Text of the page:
movement, cannot predicate its tactical procedure
upon such exceptional instances.

But my chief objection to all these measures is
that they do violence to the class psychology of the
workers and cannot be successfully inculcated as mass
doctrine. The very nature of these tactics adapts them
to guerrilla warfare, to the bomb planter, the midnight
assassin; and such warfare, in this country, at least, plays
directly into the hands of the enemy.

Such tactics appeal to stealth and suspicion, and
cannot make for solidarity. The very teaching of sneaking
and surreptitious practices has a demoralizing effect
and a tendency to place those who engage in them
in the category of “Black Hand” agents, dynamiters,
safe-blowers, holdup men, burglars, thieves, and pickpockets.
If sabotage and direct action, as I interpret them,
were incorporated in the tactics of the Socialist Party,
it would at once be the signal for all the agents provocateurs
and police spies in the country to join the party
and get busy. Every solitary one of them would be a
rabid “direct actionist,” and every one would safely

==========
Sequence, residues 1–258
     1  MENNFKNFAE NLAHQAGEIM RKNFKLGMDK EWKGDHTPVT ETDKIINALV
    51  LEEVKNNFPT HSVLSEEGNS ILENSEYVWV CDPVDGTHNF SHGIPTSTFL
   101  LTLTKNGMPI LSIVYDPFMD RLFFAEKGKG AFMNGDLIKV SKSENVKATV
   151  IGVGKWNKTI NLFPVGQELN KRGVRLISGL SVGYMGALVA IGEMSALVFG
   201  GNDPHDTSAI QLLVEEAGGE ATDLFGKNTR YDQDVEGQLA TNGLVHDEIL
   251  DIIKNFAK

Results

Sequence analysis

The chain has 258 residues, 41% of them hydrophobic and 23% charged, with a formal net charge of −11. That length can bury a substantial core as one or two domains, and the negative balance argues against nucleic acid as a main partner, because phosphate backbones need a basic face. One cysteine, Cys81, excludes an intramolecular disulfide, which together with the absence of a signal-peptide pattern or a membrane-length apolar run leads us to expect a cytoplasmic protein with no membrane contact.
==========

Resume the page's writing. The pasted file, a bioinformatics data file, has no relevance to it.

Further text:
make his “getaway” and secure his reward, a la
McPartland, when anything was “pulled off ” by their
dupes, leaving them with their necks in the nooses.

With the sanctioning of sabotage and similar
practices the Socialist Party would stand responsible
for the deed of every spy or madman, the seeds of strife
would be subtly sown in the ranks, mutual suspicion
would be aroused, and the party would soon be torn
into warring factions to the despair of the betrayed
workers and the delight of their triumphant masters.
If sabotage or any other artifice of direct action
could be successfully employed, it would be wholly
unnecessary, as better results could be accomplished
without it. To the extent that the working class has
power based upon class-consciousness, force is unnecessary;
to the extent that power is lacking, force can
only result in harm.

I am opposed to any tactics which involve stealth,
secrecy, intrigue, and necessitate acts of individual violence
for their execution.

The work of the Socialist movement must all be
done out in the broad open light of day. Nothing can
be done by stealth that can be of any advantage to it in
this country.

The workers can be emancipated only by their
own collective will, the power inherent in themselves
as a class, and this collective will and conquering power
can only be the result of education, enlightenment and
self-imposed discipline.

Sound tactics are constructive, not destructive.
The collective reason of the workers repels the idea of
individual violence where they are free to assert themselves
by lawful and peaceable means.

The American workers are law-abiding and no
amount of sneering or derision will alter that fact.
Direct action will never appeal to any considerable
number of them while they have the ballot and the
right of industrial and political organization.

Its tactics alone have prevented the growth of